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Prospectus

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Political Science: International Relations and Organisations (The Hague)

Course registration:

In the first semester, students are registered for all the lectures and workgroup sessions of Academic Skills and Statistics in block I and block II by the Student Services Centre (SSC). All courses are mandatory. It is not possible to change your registration for the workgroups. The workgroup instructor for Academic Skills 1 and 2 will also be your mentor during the first semester.
As of the second semester, IRO students must register for courses themselves in uSis. Registration for all lectures and workgroups in block III and IV is open during the following periods:

Block III: from 6 December 2017, 10:00 hrs until 28 January 2018, 23:59 hrs
Block IV: from 6 December 2017, 10:00 hrs until 25 March 2018, 23:59 hrs.

Please be sure to register for all lectures and workgroups, including the Academic Skills workgroups. Make sure you register in time, as some workgroups may fill quickly.

Exam registration:

IRO students must register themselves for the exams and retakes in uSis. Registration for exams and retakes is possible from 100 days up to 11 days before the exam or retake will take place. If you do not register on time, you cannot take part in the exam or retake, unless you receive special permission from the Board of Examiners to register late.
Tip: Register for your exams when you register for the lectures and workgroups

Year 1

Studying International Relations and Organisations is a full-time job; it will take you 40 hours a week on average. Attending lectures, tutorials, and work group sessions will take about 16 hours; these are the contact hours. The rest of the time you will study independently or with your fellow students preparing for the lectures and work group sessions, writing assignments and essays, and reading.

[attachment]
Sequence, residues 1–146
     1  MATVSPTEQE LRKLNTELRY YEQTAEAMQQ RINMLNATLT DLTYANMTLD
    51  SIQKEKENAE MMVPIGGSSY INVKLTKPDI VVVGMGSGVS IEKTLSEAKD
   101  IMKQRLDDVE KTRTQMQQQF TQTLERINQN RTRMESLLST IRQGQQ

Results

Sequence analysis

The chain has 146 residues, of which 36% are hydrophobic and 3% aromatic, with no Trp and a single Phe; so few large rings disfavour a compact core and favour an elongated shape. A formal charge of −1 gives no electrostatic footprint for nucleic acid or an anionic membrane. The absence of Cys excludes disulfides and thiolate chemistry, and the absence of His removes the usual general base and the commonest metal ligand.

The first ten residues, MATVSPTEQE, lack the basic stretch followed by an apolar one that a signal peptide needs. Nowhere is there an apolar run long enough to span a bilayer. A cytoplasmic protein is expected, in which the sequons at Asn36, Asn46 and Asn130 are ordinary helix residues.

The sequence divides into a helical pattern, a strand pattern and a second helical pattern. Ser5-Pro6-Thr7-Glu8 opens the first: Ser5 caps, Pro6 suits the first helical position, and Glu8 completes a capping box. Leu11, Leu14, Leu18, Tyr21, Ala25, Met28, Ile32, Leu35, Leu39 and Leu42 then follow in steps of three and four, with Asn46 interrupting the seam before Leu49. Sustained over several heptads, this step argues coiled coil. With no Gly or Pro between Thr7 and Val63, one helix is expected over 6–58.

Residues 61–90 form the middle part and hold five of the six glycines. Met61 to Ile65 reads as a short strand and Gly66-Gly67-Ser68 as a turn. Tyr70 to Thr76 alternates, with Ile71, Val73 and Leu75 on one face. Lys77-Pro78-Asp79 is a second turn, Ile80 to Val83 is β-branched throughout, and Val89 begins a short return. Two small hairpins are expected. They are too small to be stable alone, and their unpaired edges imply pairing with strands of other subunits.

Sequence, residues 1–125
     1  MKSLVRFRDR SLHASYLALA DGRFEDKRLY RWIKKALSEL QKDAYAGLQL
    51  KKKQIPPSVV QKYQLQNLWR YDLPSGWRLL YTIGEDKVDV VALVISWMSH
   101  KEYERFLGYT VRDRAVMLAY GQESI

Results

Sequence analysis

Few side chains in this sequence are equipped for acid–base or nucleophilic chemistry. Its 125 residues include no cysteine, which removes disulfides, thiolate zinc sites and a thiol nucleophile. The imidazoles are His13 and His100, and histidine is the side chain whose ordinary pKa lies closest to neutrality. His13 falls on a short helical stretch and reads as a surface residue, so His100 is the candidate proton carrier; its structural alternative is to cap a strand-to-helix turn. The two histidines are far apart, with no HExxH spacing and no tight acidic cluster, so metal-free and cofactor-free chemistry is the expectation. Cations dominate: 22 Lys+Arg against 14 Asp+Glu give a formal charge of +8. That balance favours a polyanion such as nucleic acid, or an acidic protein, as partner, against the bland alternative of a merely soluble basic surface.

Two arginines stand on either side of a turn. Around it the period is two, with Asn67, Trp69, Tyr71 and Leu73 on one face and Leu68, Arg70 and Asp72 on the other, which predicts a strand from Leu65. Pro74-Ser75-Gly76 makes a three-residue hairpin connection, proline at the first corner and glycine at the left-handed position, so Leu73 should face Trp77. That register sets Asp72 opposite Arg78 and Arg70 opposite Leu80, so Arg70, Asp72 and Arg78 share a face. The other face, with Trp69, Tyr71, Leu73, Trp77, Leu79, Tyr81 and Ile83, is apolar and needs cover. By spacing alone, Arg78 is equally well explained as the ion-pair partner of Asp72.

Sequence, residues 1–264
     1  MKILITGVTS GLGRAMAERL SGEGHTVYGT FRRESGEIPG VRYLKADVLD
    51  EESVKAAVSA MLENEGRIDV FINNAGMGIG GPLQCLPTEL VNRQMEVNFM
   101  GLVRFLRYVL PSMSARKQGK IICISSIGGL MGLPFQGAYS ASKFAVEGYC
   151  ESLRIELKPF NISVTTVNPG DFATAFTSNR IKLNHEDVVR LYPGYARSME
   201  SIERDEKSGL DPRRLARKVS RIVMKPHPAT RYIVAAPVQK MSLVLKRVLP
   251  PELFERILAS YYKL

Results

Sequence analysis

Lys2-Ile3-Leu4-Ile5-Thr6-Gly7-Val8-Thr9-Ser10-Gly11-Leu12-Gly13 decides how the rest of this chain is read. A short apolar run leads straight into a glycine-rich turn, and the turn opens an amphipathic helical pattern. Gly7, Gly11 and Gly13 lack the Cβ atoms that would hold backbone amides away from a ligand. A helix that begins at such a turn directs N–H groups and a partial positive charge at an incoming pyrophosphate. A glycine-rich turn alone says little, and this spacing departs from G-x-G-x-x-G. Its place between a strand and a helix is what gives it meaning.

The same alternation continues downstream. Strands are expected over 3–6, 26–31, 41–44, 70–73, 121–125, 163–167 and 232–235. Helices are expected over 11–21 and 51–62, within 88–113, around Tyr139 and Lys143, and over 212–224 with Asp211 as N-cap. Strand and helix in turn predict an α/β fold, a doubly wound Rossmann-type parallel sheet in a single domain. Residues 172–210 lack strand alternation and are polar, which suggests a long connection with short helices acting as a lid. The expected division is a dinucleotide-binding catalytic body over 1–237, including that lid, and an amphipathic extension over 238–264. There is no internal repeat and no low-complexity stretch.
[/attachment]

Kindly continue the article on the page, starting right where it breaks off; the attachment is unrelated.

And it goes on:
During the first year of the programme, you acquaint yourself with the basics of the political science discipline and international politics. Furthermore, you will study related subjects, such as economics and history. An important part of the programme is reserved for skills courses, where you practice text analysis, debating, and academic writing.

You attend lectures with all IRO students from the same year. The work groups consist of about 24 students, and during the work group sessions you actively work with your fellow students on deepening and processing the knowledge you have gained from the lectures and your reading.

Structure

The academic year runs from early September to July and consists of two semesters, each divided into two blocks. A block covers 8 weeks, with 7 weeks of teaching and one exam week. At the university, we use the European Credits Transfer System (ECTS) to represent the workload of courses. Each year of the three-year programme consists of 60 EC. One EC stands for 28 hours of studying.

Course EC Semester 1 Semester 2

Block I - IV

Mentoring Sessions

Block I

Academic Skills 1: Text interpretation 3
International Organisations 5
Introduction to International Relations 5

Block II

Academic Skills 2: Argumentation 2
Statistics 1 - Description and Inference 5
Actors in World Politics 5
Economics for Political Scientists 5

Block III

Academic Skills 3: Book Review 2
Statistics 2 - Applied Quantitative Analysis 5
Global History 5
Introduction to Comparative Politics 5

Block IV

Academic Skills 4 - Critical Review 3
Introduction to Political Science 5
Politics of the European Union 5

Module on career preparation

Description

Why did you decide to study Political Science or the International Relations and Organisations (IRO) variant? How do you want to use it in the future? The Political Science programme does not educate students for one specific profession, and its graduates can be found in many different places on the job market. This is the focus of the Job Market Preparation module. Students are faced with many choices and options during their studies and their career. The choices you make as a student – the courses you follow, the (research) assignments you carry out, the questions you ask yourself – all help to steer your future career in a particular direction. In the Job Market Preparation module, your aim is to discover your own strengths, wishes and options.